Why You Should Attend
Though created by state and local governments, homeowner associations are not regulated by either entity once the developer turns control of the subdivision over to the homeowner board.  Nor does a single regulatory agency enforce the consumer rights of buyers who purchase association homes.  Enforcement of consumer rights – to the extent they even exist – is achieved almost solely through private action.

About 14 million Californians now live in the state’s 52,000 townhomes, co-ops, condos, and planned subdivisions managed by associations.  The majority are homeowners of modest means.  When disputes arise – over assessment collection, for example – the association corporation typically has an attorney, while the modest means homeowner does not.  Representing modest means homeowners in association disputes is a field with enormous demand but few practitioners.

What You Will Learn
This training will introduce the new practitioner to statutes governing consumer rights in three key areas: assessment collection, transparency in association financial operations, and election statutes (used not only to elect board directors, but to set certain assessments.)  The training will also benefit practitioners, who have represented homeowners in the past, but want to deepen their understanding of the complex statutes governing associations.  The goal of the training is to provide participants with tools for representing modest means homeowners.

Who Should Attend
Consumer protection and real estate attorneys interested in expanding their practice to include modest means homeowners; lawyers who would like to extend their practices into the growing field of homeowner association law; elder law attorneys, who want to learn how to assist senior clients with homeowner association issues, particularly foreclosure by the association; pro bono attorneys, legal services attorneys, self-help attorneys, limited scope representation attorneys, small claims advisors; lawyers who want to test their aptitude for association law by first expanding their practice into small claims assistance.1


1 Existing California law lets homeowners bring specific homeowner association disputes into small claims court.  However, given the complexity of the law, homeowners need guidance in preparing the pleadings correctly.


PLI Group Discounts

Groups of 4-14 from the same organization, all registering at the same time, for a PLI program scheduled for presentation at the same site, are entitled to receive a group discount. For further discount information, please contact membership@pli.edu or call (800) 260-4PLI.

PLI Can Arrange Group Viewing to Your Firm

Contact the Groupcasts Department via email at groupcasts@pli.edu for more details.

Cancellations

All cancellations received 3 business days prior to the program will be refunded 100%. If you do not cancel within the allotted time period, payment is due in full. You may substitute another individual to attend the program at any time.




9:00 Opening Remarks
Marjorie Murray

9:05 Consumer Rights in California Common Interest Developments: Transparency in Association Records

Policy and legal framework for discussion: quasi-governmental nature of common interest developments (CIDs); its hybrid legal framework and powers; fiscal reasons for the growth of California CIDs; owner demographics; lack of regulation of CIDs: enforcement of homeowner consumer rights through private action in the courts; the infrastructure of the association industry; hierarchy of governing documents.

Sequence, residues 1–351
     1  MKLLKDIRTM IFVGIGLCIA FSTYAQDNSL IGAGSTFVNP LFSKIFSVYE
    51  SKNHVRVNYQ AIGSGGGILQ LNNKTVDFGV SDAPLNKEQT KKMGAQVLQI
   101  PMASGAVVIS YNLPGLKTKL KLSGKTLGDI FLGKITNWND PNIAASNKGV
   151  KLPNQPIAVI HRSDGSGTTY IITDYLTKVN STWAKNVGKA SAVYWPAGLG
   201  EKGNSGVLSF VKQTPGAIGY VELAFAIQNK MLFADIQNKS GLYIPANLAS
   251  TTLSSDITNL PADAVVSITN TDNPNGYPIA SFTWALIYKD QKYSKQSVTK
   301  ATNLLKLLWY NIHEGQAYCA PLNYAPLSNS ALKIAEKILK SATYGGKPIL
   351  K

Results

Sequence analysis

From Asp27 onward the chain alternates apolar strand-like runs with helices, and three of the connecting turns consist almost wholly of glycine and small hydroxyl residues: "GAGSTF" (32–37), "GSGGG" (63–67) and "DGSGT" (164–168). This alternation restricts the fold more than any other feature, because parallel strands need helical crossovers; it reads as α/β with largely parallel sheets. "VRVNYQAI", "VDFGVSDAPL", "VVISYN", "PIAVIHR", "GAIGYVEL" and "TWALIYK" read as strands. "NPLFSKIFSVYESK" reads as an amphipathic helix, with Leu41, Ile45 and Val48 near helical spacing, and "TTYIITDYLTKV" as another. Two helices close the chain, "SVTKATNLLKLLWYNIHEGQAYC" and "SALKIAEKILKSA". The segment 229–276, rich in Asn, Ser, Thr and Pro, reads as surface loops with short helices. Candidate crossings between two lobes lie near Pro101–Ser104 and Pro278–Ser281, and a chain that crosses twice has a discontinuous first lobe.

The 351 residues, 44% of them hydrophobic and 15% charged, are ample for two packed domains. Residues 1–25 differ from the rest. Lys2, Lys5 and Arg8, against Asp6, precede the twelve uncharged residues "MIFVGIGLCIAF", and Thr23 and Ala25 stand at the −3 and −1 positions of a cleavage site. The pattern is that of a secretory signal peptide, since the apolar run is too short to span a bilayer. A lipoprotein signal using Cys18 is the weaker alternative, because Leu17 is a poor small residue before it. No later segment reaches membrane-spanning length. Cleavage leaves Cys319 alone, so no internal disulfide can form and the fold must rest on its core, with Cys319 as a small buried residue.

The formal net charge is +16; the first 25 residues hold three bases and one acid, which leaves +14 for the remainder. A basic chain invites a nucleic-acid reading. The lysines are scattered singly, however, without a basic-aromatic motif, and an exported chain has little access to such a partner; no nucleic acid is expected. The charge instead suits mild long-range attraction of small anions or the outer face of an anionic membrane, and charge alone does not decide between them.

The Homeowner’s Right to Transparency
The homeowner’s longstanding right to association records; the need for transparency; legislation (AB1098/2005) modeled on the Public Records Act; defines “records”, the process for retrieving them, permissible redactions and changes; resistance of the association industry to transparency; recourse for the homeowner through small claims court; relief that the court might order, including recovery of costs.  Recent cases brought by homeowners to county district attorneys and U.S. Attorneys.
Commissioner Dave Jones, Marjorie Murray



10:05 Limits on Assessment Collection and the Association’s Power to Foreclose
Types of assessments the association can levy; analyzing whether the assessment itself is valid; notice and disclosure issues; key actors in assessment collection; collection tools; statutory limits on the association’s power to set assessments; the homeowner’s right to challenge the association’s accounting of the debt; measuring assessment collection practices against state and federal Fair Debt Collection statutes and the Business and Professions Code.  Recent class actions, key California Appellate rulings, and a 2017 9th Circuit opinion on association assessment collection.
Justin T. Berger, Esq.

11:05 Networking Break

11:15 Fairness and Integrity in Association Elections

Role of elections in CIDs; events governed by election statutes; public elections and CID elections compared; potential defendants in an elections case; Election Operating Rules: formation and adoption; quorum issues and cumulative voting; ballots v. proxies; role of the Inspector of Elections; challenging election procedures and outcomes in small claims court; remedies the court might order; discussion of Wittenberg v Beachwalk HOA (2013) 217 Cal. App. 41 654.; Q&A with the expert faculty.
Eric M. Schiffer, Esq.

12:30 Adjourn



Chairperson(s)
Marjorie Murray ~ President, Center for California Homeowner Association Law